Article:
The pathogenesis of lymphoma in patients with RA treated with methotrexate may be similar to patients receiving cyclosporine after organ transplantation. In the latter situation, emergence of a lymphoproliferative disorder is associated with an Epstein-Barr virus infection and completely regresses when immunosuppressive therapy is reduced or stopped. (28) Most lymphomas have a B-cell phenotype with either serologic evidence of active Epstein-Barr virus infection or detection of Epstein-Barr virus-specific nucleic acid sequences in biopsy spedmens. (29) This process has led to the hypothesis that Epstein-Barr virus induces B lymphoproliferation with an initial reversible polyclonal stage. Although there is no consensus, this observation would suggest that the increased risk of acquiring a lymphoproliferative disorder is linked to the interplay between Epstein-Barr virus infection, immunosuppression, and an autoimmune disease, such as RA. Kamel et al (30) showed that Epstein-Barr virus-associated lymphoproliferative disorder represents only a small fraction of all non-Hodgkin lymphoma in the general RA patient population. Based on this study, there was no significant difference identified between non-Hodgkin lymphoma in the RA ease group and the control group without RA with respect to any variables. The test for Epstein-Barr virus was positive in only 2% of eases and 2% of control groups. (30) Nevertheless, it should be noted that only 3 of the 42 patients in the ease group received methotrexate. Thus, the role of methotrexate in developing lymphoproliferative disorder in patients with RA and with Epstein-Barr virus infection cannot be totally disregarded. A large case-control study to prove the association between lymphoma, methotrexate, RA, and Epstein-Barr virus infection is still needed to answer this question.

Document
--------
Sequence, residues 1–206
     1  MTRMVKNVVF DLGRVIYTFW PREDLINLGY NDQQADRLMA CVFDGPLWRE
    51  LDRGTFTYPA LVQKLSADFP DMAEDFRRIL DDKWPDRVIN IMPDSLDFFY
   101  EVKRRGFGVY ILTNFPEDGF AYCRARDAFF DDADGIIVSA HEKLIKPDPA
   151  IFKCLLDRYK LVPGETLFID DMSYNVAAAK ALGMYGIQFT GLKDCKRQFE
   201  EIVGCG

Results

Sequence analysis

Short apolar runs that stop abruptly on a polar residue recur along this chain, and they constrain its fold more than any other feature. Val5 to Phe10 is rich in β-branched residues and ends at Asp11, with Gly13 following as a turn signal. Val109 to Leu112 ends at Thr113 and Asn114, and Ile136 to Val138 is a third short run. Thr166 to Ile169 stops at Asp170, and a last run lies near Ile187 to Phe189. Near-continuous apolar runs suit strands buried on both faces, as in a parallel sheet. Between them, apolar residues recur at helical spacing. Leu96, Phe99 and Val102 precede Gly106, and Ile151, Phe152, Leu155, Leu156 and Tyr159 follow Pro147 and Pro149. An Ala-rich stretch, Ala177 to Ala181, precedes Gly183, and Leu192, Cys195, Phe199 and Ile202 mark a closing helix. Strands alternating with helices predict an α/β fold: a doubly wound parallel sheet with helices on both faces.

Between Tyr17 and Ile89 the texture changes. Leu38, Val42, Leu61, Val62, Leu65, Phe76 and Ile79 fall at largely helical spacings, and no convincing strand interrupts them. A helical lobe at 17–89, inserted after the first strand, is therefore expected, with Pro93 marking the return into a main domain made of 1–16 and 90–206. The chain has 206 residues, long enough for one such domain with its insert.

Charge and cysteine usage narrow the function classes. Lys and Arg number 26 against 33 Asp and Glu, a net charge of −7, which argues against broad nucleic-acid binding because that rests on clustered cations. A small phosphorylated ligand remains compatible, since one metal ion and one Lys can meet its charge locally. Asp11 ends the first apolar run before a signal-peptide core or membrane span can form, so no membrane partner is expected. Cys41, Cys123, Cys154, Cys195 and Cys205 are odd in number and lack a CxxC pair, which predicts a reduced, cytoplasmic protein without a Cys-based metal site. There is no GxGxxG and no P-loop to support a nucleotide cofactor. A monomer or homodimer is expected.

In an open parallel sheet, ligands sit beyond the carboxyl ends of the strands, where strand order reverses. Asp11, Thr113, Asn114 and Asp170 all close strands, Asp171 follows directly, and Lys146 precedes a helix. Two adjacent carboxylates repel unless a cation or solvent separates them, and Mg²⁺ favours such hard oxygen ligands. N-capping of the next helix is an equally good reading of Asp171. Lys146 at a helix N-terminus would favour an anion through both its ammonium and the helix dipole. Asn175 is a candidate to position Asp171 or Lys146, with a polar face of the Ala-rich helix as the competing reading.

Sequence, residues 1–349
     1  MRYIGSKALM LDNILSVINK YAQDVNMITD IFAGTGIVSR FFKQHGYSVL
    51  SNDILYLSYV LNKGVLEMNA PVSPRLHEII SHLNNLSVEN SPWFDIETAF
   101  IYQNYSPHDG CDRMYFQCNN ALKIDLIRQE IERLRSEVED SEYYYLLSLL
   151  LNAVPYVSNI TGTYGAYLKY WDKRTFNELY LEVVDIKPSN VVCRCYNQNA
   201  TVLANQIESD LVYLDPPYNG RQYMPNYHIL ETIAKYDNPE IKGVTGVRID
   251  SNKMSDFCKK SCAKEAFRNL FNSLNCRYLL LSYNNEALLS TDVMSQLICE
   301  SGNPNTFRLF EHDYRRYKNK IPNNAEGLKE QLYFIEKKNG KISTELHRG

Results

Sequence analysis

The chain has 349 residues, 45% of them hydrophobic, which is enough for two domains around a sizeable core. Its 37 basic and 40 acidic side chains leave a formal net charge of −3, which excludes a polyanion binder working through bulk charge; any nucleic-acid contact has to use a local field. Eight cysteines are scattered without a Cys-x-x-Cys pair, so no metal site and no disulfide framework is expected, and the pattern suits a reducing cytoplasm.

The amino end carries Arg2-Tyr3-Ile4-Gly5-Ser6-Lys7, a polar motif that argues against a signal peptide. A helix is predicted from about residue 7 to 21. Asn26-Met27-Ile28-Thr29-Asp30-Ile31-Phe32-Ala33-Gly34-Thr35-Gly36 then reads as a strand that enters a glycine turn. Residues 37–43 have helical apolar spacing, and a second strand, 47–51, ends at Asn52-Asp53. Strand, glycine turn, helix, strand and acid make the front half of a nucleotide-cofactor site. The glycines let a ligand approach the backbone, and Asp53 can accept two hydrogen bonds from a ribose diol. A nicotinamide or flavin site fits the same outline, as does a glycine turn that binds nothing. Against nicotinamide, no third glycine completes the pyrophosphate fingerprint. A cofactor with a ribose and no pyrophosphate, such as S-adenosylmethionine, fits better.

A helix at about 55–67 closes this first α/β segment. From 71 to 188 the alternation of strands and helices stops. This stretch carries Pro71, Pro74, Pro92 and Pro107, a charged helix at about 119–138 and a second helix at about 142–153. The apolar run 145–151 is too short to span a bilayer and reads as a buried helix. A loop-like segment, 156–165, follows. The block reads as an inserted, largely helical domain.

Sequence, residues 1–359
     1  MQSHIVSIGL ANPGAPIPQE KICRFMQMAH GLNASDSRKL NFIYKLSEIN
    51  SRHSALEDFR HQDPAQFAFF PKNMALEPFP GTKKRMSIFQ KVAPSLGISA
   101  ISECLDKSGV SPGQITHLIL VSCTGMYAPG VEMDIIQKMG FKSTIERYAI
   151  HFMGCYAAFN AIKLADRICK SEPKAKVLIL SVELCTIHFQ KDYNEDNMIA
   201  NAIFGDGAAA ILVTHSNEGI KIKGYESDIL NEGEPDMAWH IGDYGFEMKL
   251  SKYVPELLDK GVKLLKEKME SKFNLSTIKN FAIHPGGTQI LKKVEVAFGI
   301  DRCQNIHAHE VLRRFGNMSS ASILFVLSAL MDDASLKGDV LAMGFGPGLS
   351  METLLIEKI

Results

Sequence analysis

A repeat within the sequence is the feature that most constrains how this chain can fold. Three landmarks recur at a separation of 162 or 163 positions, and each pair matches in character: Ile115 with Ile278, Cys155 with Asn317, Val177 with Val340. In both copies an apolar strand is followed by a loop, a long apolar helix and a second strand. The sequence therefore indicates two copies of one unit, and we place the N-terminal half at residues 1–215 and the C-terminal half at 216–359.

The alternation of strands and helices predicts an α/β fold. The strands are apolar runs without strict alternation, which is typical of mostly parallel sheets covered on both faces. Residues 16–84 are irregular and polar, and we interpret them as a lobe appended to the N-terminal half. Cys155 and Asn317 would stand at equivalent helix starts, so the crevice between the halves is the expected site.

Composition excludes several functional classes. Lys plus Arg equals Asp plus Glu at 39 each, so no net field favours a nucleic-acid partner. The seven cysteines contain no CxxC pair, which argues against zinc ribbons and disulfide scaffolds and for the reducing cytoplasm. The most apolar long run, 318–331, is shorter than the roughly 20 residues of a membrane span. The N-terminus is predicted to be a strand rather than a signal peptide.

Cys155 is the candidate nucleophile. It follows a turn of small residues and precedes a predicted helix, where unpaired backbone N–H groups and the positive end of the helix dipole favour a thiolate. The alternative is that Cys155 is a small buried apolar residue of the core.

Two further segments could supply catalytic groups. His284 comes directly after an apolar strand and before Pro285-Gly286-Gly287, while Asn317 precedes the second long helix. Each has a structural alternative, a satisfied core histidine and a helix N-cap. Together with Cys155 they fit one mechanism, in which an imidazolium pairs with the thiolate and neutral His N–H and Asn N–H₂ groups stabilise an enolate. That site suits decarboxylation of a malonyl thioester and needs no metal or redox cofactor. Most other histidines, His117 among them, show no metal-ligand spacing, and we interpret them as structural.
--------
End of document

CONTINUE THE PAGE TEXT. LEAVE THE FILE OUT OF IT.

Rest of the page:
The management of Epstein-Barr virus-associated lymphoproliferative disorder in patients with rheumatologic disease can be based on the study conducted by Salloum et al, (31) who reviewed 37 patients who acquired lymphoproliferative disorder while receiving methotrexate. (31) Sixteen of the 37 patients were observed after discontinuation of methotrexate without additional therapy. Six of these 16 patients (38%) achieved a complete remission. Four patients (24%) showed a partial response, and the remaining six patients (38%) showed no response. Based on this data, they recommend that withdrawal of methotrexate and observation for a short period (4 to 8 weeks) should be considered as the initial treatment of immunodeficiency-related lymphoproliferative disorder in patients with RA. (31)